Monday, October 3, 2011
I never walk out on movies. I don't pause the Roku and just head for bed, never to return. Don't eject the DVD midway through and replace it with something else. Like any bona fide movie addict, I have to see it through to the end. Even the bitter end. Who knows ... maybe the final scene will contain some unexpected turn or thoughtful insight that makes it worth my time. And so I watch. But every now and then a movie like After.Life comes along that makes me question this obsessive-compulsive behavior.
About halfway through After.Life, I realized I just wanted it to end. I no longer cared if Anna Taylor (Christina Ricci) was really dead or alive. I wasn't curious whether mortuary owner Eliot Deacon [Liam Neeson] really could talk to the dead. I certainly didn't care if Taylor's boyfriend, Paul Coleman (Justin Long), would stop crying and decide that she needed rescuing. It became obvious that I would have no reward at the end, because director Agnieszka Wojtowicz-Vosloo was going to try to have it both ways, propelling an implausible plot toward a ludicrous ending.
The setup occurs in just a few minutes early in the movie as we meet Anna Taylor, a depressed young school teacher who has a fight with her boyfriend, speeds off in her car, has an accident, and wakes up in the mortuary. Undertaker Eliot Deacon tries to convince her, without much success, that she's dead and must let go of her mortal life so that she can be at peace for her funeral a few days hence. Among all the ham-handed clues that the director strews along the way — the fact that Anna is still breathing, that she can trash the place by tossing over supply cabinets, and that Deacon has to give her injections to "relax her muscles" — there's no clue as to how the authorities could have delivered a live woman to the undertaker in the first place.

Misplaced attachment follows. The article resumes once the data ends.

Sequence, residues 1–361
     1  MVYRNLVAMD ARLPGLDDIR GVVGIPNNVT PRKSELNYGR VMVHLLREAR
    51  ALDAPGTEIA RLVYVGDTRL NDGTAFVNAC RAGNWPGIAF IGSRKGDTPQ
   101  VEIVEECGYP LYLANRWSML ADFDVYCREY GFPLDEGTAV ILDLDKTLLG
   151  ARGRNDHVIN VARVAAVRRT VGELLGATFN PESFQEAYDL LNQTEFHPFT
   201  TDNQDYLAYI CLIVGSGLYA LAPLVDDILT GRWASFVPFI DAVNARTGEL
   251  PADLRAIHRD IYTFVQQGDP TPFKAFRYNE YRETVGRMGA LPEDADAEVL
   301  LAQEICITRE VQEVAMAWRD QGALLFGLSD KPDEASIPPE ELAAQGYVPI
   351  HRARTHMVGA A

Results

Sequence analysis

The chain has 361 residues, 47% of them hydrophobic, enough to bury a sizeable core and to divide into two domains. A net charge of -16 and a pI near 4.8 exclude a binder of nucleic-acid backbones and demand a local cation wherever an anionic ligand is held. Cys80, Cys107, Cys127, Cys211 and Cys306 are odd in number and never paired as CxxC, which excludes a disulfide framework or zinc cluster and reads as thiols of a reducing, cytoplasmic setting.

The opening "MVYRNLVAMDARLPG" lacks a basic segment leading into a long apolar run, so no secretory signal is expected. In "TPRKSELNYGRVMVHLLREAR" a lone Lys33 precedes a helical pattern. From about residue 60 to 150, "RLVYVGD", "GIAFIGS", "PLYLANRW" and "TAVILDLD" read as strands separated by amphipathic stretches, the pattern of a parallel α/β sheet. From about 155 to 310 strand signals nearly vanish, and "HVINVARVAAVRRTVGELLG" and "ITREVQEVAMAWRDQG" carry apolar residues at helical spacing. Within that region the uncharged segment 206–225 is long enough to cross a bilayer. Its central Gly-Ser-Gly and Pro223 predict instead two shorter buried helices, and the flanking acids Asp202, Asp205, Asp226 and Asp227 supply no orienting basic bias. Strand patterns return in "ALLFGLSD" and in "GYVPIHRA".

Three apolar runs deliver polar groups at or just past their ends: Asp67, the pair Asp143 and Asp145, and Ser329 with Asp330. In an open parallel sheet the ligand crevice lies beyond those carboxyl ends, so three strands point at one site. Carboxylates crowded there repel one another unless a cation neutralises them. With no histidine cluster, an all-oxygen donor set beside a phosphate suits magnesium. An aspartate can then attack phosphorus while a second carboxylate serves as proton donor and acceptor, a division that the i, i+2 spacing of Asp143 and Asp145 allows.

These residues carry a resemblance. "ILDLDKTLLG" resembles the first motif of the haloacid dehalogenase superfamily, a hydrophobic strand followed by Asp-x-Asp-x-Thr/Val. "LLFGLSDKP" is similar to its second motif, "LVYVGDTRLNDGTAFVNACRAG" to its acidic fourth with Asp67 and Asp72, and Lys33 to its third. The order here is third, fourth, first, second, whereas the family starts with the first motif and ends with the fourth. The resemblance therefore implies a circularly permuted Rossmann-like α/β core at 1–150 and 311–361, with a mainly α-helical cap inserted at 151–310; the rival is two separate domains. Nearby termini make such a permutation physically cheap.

Neeson should be more charismatic as the mortician who claims he's trying to help the dead woman admit what she really wanted — but wouldn't pursue — in life. Ricci should eventually become just a little bit more sympathetic as the hour for her internment draws closer. But there's no backstory for either character, and no progression of emotions. The story is as lifeless and cold as the cadavers that occasionally share the prep room with Anna. Why would you care whether this depressed young woman and her sniveling boyfriend ever get another chance?
You're welcome to watch this one, as I did, through to the bitter end. But your time will be better spent ejecting this one and trying out something else.
Yes, yes, I did notice the references to paralyzing drugs, the little boy's warning about the brakes, and how similar Deacon's van looks to the one in the first crash scene. Honestly, that level of contrivance is more insulting than clever.